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Bure Valley Group is an investment brokerage business which links successful investors with exciting, innovative UK startups seeking funding. This content is for information purposes only and should not be taken as financial or investment advice.

It’s commonly said that investing in private equity is riskier than other asset classes such as fixed income investments. Yet the potential reward can also be considerable, leading many high-net-worth investors to include them within their portfolio as a piece of their equity position. This money is committed to start-ups and similar companies which have considerable potential for growth in the short-medium term.

Managing the risks associated with these types of businesses is important to minimise possible volatility in a portfolio, and maximise the chance of generating strong returns. In this post, our investment team here at Bure Valley Group offers some thoughts on how to achieve this within the equity portion of a portfolio. We hope you find this content useful. To find out more about our own EIS and other investment opportunities, visit our portfolio page here. To enquire about our latest projects and funding, you can reach us via:

+44 160 334 0827

[email protected]


Get to know the company

If you’re the type of investor who is interested in individual companies rather than simply placing your capital into the hands of a fund manager, then it’s crucial to familiarise yourself with the business you are considering. This might take the form of physically visiting their offices and/or product manufacturing facilities.

In a world of COVid-19, other approaches might involve holding a series of video meetings to meet the startup management team and pose your questions. Take a close look at how the company spends its time and money. What is the leadership of the team like? Are decisions taken haphazardly or with long-term goals in mind? Do they have a robust sales and marketing system which supports their ambitions for rapid growth?


Watch out for yellow/red flags

Certain aspects, features or behaviours of a prospective private equity investment should lead you to immediately be concerned and consider other options instead. Perhaps the most crucial of these is an unsubstantiated valuation where there is little room for maneuver. This suggests that the startup leadership is inexperienced and closed to feedback from seasoned investors. Another warning sign is sales concentration. Is the business standing on a precarious “peg leg” by relying heavily on revenues from just a handful of clients/customers? If the startup is also reluctant to divulge details of these individuals or businesses, then that should serve as another cause for concern. As an investor, you will need transparency about the sales base of the business if you are to have confidence in its prospects.


Factor in the different “risk types”

At the beginning of this post we made reference to some of the risks involved with private equity investing. Yet what do these risks look like, exactly, and how can you manage them? Here are some of the main types to look out for:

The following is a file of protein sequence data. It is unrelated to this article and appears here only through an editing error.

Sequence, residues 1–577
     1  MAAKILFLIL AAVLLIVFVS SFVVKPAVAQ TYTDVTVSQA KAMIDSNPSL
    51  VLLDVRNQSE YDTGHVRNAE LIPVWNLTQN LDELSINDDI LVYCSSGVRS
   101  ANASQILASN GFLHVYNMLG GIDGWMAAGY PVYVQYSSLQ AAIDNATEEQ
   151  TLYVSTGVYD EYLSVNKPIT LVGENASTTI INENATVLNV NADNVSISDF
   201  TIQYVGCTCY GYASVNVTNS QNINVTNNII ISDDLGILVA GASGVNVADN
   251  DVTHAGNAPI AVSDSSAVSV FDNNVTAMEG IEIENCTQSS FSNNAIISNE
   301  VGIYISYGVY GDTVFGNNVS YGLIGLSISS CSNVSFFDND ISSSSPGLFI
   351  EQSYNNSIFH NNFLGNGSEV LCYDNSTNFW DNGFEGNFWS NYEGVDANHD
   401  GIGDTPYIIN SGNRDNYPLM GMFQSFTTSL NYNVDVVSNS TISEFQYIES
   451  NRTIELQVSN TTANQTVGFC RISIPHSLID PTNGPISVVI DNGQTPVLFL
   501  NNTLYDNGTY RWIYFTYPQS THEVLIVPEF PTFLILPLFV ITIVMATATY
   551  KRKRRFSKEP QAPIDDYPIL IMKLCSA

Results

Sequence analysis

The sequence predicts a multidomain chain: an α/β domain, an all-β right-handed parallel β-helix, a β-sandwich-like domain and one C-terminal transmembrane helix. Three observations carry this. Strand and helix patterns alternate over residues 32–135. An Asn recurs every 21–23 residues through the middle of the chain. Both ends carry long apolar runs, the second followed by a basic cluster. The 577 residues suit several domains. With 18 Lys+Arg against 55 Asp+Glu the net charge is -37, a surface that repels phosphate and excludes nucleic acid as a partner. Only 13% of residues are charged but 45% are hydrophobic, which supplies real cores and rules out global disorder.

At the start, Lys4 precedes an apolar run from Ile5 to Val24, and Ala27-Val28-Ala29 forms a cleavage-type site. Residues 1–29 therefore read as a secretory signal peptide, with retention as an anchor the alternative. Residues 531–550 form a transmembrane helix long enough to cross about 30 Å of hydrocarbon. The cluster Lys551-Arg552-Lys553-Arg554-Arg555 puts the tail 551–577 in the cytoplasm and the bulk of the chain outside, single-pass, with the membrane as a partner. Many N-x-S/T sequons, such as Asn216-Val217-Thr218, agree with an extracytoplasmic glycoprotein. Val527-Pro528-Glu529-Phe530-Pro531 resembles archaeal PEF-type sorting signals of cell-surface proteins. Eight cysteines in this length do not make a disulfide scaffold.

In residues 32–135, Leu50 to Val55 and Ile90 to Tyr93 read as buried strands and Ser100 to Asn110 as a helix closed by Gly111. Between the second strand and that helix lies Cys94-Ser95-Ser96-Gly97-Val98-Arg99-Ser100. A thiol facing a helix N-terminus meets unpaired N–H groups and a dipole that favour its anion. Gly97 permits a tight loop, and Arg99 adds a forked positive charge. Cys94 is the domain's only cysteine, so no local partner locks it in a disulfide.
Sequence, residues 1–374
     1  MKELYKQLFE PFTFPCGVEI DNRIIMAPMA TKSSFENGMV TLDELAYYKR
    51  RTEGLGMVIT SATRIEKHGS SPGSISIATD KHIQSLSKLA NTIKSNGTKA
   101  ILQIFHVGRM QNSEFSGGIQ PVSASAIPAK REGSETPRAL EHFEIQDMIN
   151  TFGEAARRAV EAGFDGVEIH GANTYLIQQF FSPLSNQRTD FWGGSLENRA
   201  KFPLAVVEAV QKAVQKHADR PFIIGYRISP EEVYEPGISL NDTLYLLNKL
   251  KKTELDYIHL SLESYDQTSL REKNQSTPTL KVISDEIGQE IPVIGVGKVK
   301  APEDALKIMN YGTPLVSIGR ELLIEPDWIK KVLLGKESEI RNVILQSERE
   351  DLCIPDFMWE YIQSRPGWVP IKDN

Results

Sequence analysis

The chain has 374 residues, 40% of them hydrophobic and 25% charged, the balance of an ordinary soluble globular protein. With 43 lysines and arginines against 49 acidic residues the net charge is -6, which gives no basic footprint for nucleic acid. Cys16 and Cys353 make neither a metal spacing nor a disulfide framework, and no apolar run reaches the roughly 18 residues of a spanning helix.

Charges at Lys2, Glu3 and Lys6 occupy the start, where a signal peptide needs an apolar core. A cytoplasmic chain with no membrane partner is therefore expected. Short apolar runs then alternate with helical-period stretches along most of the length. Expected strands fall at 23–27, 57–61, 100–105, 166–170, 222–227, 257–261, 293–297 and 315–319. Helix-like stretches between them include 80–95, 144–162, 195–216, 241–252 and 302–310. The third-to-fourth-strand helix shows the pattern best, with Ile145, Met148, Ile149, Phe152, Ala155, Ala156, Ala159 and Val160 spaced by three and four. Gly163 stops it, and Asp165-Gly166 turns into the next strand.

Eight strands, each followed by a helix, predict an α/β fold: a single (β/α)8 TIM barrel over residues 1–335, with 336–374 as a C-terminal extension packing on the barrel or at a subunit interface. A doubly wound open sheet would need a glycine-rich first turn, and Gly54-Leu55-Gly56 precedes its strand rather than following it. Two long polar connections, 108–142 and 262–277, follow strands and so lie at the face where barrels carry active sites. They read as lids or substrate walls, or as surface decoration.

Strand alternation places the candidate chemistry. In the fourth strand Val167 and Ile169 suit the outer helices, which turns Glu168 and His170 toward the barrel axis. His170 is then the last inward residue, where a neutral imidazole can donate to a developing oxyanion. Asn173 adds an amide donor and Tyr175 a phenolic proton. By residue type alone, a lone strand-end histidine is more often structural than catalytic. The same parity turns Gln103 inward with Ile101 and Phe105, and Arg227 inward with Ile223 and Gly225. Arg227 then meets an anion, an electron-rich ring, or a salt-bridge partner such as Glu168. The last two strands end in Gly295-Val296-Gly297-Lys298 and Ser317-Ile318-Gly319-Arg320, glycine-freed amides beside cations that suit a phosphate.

Investment risks

  • Liquidity risk. How easily will you be able to sell your investment at short notice?
  • Returns risk. The amount of return you’ll make on a startup investment is not guaranteed and will vary. You will need to weigh the prospects of each business to generate a strong, stable return and diversify your portfolio appropriately to manage this.
  • Principle risk. What are the chances that you will eventually get your original investment back – with interest?


Business risks

  • Revenue risk. Since the business in question is still in its infancy there is no guarantee that it will produce a profit. Yet it may have a number of factors in its favour which means it is more likely to do so. You will need to identify and weigh these carefully.
  • Disclosure risk. Are you confident that the company is being fully transparent with you and will continue to do so in the future?
  • Failure risk. Many startups hold out an innovative new product or service which may not have been tested in the marketplace. What are its prospects and would there be enough flexibility in the company for to pivot in the future, if required?
  • Staffing risk. When you invest in a startup you don’t just invest in the idea – you invest in its people. Do you have a clear idea of their experience, character and commitment to the business? What would happen if a key employee or leader was lost?
  • Competition risk. Does the startup face competition from other businesses? How easily could new entrant swoop in and prevent the company from achieving its desired market share?
  • Market risk. The business may strongly believe that there is consumer demand for what it proposes to sell – but what do you think? What is the size of the market, how much of it could be reasonably captured and what are its prospects for the future?
  • Control risk. The company’s company’s founders, directors, and executive officers are likely to be the biggest shareholders and, therefore, exert considerable influence. How might their interests depart from one another in the future, or from yours as a potential investor? How could this affect the stock price if the business decided to go public?



Get in touch today to start a conversation with our team, and discuss some of the great investment memorandums we have available:

+44 160 334 0827

[email protected]